It seems to me that the key to this whole affair is to find out more about André Borie. Who was this mystery collector with the cache of previously unknown, small-scale masterpieces by some of the biggest names in art history? Josephine Bindé's article in Telerama tells us that this is the André Borie who helped construct the Mont Blanc tunnel. Borie was a senior French civil engineer and worked on a number of grand projets for the French government. He was awarded the Legion d'Honeur. According to the Telerama article, the 'dealer' inherited the Cranach from Borie's daughter in 1973. The Gentileschi, on the other hand, was apparently bought in 1995, but had previously (confusingly) been in the Borie collection before that.
It should be possible to establish with certainty whether Borie was indeed a collector. I can find no evidence so far to show that he was - nothing in any French museum database for example. Normally, enthusiastic collectors leave a trail of some kind in the museum world, with loans to exhibitions for example, or footnotes in catalogues. For M. Borie, rien. (He is not to be confused with the US collector, Adolph Borie.) Not that this means anything. Perhaps he inherited them himself, and they were just chattels. Or my French Googling isn't up to much, which is quite possible. Under French law, as far as I understand it, there is something called a 'proces verbal' which lists someone's possessions after their death, and this is usually publicly available. If these pictures turn up on M. Borie's records, then it's case closed, and we can all move on. I feel sure that something like this will yet settle the matter.
My searches have revealed one new fact, at least, and that is that André Borie is listed in the provenance of another newly discovered work, this time a Head of Christ by Correggio. This picture, from the limited photos I have seen online, looks to be really quite convincing, and relates to another Correggio Head of Christ at the Getty Museum in LA. As with other works from the Borie collection, we have no firmly established provenance for the Correggio from before his ownership. After his death, the picture was passed by inheritance to an heir who apparently sold the picture at Christie's in Geneva. The picture has been exhibited as a Correggio in the Galleria Nazionale in Parma in 2008, declared authentic by a host of experts, and has been published in an article in The Burlington Magazine (April 2009, p.261), who are usually extremely hard to please. It is painted in oil on panel and measures 40 x 34 cm. This information has been taken from an exhibtion catalogue of the 'Maison d'Art' in Monaco, which was held in association with Clovis Whitfield. No date is given for the Christie's Geneva sale, and indeed it may not have been sold as a Correggio.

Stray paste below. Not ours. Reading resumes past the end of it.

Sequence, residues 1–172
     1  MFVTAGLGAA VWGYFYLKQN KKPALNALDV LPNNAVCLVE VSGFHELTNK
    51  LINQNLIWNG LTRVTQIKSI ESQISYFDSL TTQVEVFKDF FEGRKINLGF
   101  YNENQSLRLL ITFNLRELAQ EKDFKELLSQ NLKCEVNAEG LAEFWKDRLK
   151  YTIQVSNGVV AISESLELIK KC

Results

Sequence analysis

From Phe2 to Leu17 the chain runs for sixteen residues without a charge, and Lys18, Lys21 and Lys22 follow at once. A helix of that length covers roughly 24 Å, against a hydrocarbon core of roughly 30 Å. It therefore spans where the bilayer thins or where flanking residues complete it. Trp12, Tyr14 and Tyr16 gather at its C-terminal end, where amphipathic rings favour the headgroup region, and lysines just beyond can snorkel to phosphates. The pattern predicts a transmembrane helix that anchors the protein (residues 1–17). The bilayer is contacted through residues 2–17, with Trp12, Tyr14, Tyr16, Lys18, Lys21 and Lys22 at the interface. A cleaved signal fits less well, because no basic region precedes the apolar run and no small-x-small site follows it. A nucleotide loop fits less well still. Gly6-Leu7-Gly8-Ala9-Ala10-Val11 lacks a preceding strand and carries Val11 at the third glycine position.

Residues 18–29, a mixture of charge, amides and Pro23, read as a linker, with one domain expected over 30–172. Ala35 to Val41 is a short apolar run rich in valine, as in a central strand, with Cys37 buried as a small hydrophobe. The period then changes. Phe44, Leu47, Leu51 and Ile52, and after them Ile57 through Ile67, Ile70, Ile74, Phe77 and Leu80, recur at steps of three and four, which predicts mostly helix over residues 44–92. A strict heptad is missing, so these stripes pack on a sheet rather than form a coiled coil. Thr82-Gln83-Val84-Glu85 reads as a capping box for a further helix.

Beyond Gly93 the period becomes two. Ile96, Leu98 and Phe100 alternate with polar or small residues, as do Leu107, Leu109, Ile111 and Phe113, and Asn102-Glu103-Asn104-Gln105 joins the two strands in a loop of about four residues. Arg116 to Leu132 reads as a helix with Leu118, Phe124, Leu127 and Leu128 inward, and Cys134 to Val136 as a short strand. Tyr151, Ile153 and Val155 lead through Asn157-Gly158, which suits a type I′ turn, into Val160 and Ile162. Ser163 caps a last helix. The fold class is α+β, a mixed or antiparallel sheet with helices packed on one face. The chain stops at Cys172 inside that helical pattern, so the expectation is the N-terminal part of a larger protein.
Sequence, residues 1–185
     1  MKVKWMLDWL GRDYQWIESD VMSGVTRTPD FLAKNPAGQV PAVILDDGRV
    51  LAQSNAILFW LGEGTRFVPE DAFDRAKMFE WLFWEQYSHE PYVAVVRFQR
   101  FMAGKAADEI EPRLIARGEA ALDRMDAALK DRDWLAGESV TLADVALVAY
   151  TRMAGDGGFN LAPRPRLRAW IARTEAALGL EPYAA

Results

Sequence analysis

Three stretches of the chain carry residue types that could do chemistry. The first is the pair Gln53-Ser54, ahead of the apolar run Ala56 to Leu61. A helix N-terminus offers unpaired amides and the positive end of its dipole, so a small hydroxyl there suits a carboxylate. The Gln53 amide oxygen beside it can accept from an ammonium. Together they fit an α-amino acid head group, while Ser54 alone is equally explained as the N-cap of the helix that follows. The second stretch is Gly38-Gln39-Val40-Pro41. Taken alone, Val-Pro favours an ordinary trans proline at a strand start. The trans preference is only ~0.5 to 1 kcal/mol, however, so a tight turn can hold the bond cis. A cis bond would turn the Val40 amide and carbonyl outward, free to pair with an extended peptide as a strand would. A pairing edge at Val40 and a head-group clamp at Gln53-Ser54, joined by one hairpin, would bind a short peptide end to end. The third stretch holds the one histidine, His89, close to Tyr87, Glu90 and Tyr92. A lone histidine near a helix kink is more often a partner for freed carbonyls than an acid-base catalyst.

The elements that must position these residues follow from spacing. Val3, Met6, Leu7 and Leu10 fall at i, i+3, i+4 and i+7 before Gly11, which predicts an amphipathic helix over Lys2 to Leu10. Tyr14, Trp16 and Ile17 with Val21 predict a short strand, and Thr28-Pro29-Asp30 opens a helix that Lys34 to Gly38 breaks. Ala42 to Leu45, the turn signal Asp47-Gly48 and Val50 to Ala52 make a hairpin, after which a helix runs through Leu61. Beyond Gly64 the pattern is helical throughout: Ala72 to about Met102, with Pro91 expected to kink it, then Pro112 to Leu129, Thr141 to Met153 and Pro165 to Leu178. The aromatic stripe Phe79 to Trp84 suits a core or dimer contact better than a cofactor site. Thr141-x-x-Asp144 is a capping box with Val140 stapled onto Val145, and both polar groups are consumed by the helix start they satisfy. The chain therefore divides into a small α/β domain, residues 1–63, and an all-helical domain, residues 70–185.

The addition of the Borie Correggio must make it less likely that we're dealing with a cache of fakes here. Isn't it still hard to believe that someone could make such convincing fakes in the style of so many artists, and over so many periods? However, I ought to note that the Correggio has already been the subject of its own 'fake' controversy, back in 2008, before anything of the other Borie pictures was known about. At the time of the Parma exhibition, an Italian art historian and politician (now there's a career path to aspire to) called Vittorio Sgarbi declared that the painting was fake, and loudly so. His view made it into several newspapers. He also named some likely culprits behind the painting, including an Italian artist called Lino Frongia, whom he has described on this website as 'the greatest "Old Master" painter alive'. All of which is most intriguing, but doesn't get us very far. From what I can gather in the Italian press, further technical analysis of the panel on which the Correggio is painted showed that it was from the right period.